Meet the Nephrology Research Trainees: Shakia Hardy, MPH, CPH

The UNC Kidney Center training program provides research training opportunities for epidemiological, clinical, basic and translational research in kidney disease. The current research trainees at the Kidney Center are Magdalene Assimon, PharmD, Shakia Hardy, MPH, CPH, Britta Jones, PhD, and Xiaojuan Li, MSPH. Each will be featured here so you can learn more about them and the work they're doing.

Meet the Nephrology Research Trainees: Shakia Hardy, MPH, CPH click to enlarge Shakia Hardy, MPH, CPH

Shakia Hardy, MPH, CPH

Education

BA: Biology (minor in Chemistry), University of North Carolina at Chapel Hill, 2008
MPH: Health Policy and Management, University of South Florida, 2011

Hometown

New Bern, NC

How did you decide that you wanted to pursue research as a career?

While earning my Masters degree I worked as a Health and Nutrition Specialist for Head Start. This experience broadened my perspectives on how socioeconomic status, race, and access to health care influence the development of adverse health profiles in early life and contribute to chronic disease development. After being the liaison between our program and several research studies on the Head Start population, I desired to contribute to generating knowledge on the prevention of risk factors in diverse populations.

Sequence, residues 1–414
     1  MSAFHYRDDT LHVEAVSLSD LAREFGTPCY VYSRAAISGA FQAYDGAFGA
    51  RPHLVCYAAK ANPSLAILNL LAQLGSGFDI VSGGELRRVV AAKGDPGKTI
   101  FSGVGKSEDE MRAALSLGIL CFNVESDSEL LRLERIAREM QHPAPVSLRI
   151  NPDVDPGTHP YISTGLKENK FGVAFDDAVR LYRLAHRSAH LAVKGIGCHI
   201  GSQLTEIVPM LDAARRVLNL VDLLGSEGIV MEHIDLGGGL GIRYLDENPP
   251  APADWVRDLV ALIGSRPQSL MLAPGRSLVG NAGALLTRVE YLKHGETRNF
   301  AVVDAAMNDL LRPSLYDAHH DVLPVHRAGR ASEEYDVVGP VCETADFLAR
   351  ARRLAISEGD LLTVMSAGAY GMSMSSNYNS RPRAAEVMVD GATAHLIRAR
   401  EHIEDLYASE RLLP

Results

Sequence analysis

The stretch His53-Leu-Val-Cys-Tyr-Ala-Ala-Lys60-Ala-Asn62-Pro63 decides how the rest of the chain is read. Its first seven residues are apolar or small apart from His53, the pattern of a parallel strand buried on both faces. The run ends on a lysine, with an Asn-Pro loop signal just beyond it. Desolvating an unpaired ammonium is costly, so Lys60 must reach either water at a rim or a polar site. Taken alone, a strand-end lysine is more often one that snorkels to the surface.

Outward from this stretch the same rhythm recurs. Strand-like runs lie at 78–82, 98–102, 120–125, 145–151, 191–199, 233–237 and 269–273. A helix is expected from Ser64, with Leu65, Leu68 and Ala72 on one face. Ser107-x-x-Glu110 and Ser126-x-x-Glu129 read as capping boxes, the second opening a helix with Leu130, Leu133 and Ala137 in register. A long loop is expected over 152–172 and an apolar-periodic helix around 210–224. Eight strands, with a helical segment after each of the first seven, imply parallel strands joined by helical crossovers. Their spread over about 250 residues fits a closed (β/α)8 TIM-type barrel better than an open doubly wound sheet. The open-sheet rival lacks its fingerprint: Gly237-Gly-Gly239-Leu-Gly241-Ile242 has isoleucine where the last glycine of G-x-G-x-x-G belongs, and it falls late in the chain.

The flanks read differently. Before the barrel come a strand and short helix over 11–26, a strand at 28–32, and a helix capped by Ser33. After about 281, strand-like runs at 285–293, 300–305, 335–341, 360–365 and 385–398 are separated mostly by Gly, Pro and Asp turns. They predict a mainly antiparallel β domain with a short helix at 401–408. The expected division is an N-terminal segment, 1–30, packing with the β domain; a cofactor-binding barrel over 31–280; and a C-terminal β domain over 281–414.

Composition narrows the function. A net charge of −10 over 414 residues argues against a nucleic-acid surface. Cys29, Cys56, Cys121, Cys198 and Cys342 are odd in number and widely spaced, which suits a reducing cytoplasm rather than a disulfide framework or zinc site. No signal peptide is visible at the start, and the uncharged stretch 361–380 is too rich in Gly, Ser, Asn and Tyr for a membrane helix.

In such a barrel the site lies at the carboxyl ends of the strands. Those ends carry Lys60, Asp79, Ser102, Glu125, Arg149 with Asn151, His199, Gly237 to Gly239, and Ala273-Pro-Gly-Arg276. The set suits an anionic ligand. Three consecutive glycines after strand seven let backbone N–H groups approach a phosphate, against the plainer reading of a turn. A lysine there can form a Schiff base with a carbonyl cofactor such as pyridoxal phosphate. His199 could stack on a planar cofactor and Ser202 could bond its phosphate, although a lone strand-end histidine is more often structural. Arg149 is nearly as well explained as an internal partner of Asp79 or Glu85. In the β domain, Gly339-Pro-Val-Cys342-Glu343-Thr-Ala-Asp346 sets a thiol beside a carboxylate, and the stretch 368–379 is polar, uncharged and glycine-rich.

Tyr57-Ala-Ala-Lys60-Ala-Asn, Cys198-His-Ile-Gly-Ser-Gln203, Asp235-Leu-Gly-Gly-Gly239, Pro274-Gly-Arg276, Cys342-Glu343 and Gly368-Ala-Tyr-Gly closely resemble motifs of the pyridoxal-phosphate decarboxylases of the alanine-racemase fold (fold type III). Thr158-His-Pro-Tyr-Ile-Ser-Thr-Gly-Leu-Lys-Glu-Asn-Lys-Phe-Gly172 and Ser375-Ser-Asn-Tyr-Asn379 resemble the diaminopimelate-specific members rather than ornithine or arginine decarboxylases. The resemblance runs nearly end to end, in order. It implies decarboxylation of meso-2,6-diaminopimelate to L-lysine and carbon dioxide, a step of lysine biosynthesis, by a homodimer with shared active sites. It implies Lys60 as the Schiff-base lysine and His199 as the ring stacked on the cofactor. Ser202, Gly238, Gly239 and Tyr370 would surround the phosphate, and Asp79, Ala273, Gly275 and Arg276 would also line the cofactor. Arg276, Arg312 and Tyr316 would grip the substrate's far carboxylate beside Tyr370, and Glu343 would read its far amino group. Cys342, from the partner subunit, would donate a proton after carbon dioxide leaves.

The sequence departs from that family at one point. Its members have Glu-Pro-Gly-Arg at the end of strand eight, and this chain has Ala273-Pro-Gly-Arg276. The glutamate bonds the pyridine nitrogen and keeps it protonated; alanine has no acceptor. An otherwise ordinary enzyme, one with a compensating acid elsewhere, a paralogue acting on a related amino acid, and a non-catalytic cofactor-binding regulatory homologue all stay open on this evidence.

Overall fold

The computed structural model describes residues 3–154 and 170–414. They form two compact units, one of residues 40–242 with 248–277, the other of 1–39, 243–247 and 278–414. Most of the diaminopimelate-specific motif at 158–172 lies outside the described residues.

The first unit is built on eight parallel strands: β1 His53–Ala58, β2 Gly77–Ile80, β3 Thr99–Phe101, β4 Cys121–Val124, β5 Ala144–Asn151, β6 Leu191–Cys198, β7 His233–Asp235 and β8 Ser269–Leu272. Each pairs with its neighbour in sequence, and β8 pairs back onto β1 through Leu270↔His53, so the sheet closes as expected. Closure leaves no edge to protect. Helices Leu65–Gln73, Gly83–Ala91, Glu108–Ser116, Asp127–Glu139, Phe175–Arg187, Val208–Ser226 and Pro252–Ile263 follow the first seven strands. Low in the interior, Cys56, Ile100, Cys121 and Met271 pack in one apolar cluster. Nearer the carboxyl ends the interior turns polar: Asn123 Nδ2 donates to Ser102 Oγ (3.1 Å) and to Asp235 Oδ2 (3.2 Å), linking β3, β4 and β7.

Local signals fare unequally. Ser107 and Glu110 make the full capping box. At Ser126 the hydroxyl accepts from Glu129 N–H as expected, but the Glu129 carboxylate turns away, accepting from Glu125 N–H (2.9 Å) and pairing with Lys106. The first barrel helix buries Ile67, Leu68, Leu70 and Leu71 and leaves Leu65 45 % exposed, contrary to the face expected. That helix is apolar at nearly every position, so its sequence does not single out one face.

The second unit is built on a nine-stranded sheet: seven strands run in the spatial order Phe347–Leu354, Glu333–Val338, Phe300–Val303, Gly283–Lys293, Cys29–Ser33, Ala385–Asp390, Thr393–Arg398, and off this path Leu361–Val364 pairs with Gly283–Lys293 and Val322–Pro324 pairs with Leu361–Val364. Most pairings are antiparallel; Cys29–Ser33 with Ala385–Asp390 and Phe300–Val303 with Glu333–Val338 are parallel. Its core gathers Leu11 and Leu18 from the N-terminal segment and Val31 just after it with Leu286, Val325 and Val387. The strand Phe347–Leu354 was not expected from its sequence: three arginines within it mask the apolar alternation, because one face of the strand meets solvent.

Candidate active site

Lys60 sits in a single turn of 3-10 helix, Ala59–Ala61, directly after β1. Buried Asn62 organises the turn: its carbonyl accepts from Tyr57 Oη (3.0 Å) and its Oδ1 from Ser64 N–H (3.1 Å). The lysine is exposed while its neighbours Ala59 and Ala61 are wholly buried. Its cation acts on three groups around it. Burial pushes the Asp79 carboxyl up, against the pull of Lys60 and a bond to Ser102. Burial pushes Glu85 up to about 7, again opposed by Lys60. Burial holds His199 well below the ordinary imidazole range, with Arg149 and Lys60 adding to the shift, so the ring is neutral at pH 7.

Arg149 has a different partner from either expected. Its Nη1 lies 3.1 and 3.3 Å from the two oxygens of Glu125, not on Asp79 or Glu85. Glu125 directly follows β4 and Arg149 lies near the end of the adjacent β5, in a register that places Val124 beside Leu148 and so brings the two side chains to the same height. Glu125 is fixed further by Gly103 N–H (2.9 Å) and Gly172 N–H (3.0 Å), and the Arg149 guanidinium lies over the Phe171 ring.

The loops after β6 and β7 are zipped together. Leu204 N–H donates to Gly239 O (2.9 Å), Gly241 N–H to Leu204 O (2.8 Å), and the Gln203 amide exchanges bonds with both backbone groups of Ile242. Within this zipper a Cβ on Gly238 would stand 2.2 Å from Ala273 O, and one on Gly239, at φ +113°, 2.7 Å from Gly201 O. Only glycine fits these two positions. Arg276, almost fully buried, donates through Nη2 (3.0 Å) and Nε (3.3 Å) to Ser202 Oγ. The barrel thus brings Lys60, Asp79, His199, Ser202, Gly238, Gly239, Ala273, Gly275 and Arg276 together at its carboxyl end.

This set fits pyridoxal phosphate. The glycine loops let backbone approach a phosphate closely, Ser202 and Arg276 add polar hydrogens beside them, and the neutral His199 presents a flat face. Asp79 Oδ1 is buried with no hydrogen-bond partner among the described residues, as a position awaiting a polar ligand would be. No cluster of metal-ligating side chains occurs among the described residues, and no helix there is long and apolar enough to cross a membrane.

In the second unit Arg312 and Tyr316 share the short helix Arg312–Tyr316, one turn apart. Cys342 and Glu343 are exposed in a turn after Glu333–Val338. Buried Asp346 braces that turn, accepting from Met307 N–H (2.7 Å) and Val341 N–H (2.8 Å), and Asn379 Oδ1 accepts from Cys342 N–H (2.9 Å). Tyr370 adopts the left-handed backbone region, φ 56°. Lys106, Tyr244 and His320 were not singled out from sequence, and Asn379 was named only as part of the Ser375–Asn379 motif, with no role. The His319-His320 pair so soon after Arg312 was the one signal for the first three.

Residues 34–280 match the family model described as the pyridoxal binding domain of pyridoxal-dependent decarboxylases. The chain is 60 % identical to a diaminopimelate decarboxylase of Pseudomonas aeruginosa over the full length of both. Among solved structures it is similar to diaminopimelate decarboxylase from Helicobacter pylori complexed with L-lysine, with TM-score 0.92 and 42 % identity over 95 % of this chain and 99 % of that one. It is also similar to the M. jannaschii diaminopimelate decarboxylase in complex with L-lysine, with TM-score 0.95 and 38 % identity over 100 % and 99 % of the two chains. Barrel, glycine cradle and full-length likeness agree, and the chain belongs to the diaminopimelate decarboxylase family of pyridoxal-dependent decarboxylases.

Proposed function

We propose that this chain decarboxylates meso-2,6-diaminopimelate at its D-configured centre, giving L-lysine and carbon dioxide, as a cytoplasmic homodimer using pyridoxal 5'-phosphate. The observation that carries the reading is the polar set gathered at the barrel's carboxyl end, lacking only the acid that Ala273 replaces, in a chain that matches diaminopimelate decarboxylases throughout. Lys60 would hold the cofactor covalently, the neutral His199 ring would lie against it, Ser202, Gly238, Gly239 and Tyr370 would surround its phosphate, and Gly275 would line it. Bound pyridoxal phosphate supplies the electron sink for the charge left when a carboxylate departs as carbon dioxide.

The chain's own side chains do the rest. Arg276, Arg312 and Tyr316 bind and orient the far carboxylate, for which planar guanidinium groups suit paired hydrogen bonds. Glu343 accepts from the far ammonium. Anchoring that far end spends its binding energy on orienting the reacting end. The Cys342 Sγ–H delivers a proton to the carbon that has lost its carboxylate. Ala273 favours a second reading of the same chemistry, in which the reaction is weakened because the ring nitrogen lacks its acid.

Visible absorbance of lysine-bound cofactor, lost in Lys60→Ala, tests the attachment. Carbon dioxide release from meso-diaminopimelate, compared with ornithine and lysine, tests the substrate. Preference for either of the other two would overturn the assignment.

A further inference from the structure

Please tell us about your current research.

My doctoral work quantifies the population burden of CKD and its associated disabilities that can be prevented by modifying blood pressure levels, comparing population-wide interventions and those that target individuals with elevated blood pressure. This research highlights important opportunities to intervene on the larger population at risk for CKD while also intensively treating those at highest risk.   

What excites you the most about the work you're doing now?

The analytic methods have evolved to incorporate interval censoring in the assessment of incident CKD and of time varying confounding. Interval censoring and time varying confounding are rarely dealt with simultaneously in epidemiology and additive models that appropriately handle both issues have not been described. The work is innovative as well as challenging.

When you're not working, how do you like to spend your time?

When I'm not working I spend most of my time with my son, husband, extended family and friends. I also enjoying playing the piano and guitar. 

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Thanks for sharing, Shakia!

All clinical and research trainees at the UNC Kidney Center are listed here. Stay tuned for our next featured trainee.